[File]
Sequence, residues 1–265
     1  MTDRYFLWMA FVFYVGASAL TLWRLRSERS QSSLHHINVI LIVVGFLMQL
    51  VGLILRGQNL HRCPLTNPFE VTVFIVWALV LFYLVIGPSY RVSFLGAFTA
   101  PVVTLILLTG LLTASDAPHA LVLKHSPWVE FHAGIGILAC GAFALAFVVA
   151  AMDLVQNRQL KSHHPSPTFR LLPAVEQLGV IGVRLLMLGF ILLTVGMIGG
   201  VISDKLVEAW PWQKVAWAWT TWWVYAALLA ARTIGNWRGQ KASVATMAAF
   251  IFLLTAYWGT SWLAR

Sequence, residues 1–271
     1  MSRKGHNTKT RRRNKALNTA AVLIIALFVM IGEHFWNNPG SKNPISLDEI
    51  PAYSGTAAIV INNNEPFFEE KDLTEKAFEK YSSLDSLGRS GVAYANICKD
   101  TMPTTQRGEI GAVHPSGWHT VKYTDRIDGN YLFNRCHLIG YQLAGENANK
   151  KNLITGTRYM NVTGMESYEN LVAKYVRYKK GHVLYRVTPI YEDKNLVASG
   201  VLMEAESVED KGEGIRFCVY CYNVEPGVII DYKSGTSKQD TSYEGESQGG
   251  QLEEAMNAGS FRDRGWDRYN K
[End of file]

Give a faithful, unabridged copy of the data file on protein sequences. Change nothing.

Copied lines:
Sequence, residues 1–265
     1  MTDRYFLWMA FVFYVGASAL TLWRLRSERS QSSLHHINVI LIVVGFLMQL
    51  VGLILRGQNL HRCPLTNPFE VTVFIVWALV LFYLVIGPSY RVSFLGAFTA
   101  PVVTLILLTG LLTASDAPHA LVLKHSPWVE FHAGIGILAC GAFALAFVVA
   151  AMDLVQNRQL KSHHPSPTFR LLPAVEQLGV IGVRLLMLGF ILLTVGMIGG
   201  VISDKLVEAW PWQKVAWAWT TWWVYAALLA ARTIGNWRGQ KASVATMAAF
   251  IFLLTAYWGT SWLAR

Sequence, residues 1–271
     1  MSRKGHNTKT RRRNKALNTA AVLIIALFVM IGEHFWNNPG SKNPISLDEI
    51  PAYSGTAAIV INNNEPFFEE KDLTEKAFEK YSSLDSLGRS GVAYANICKD
   101  TMPTTQRGEI GAVHPSGWHT VKYTDRIDGN YLFNRCHLIG YQLAGENANK
   151  KNLITGTRYM NVTGMESYEN LVAKYVRYKK GHVLYRVTPI YEDKNLVASG
   201  VLMEAESVED KGEGIRFCVY CYNVEPGVII DYKSGTSKQD TSYEGESQGG
   251  QLEEAMNAGS FRDRGWDRYN K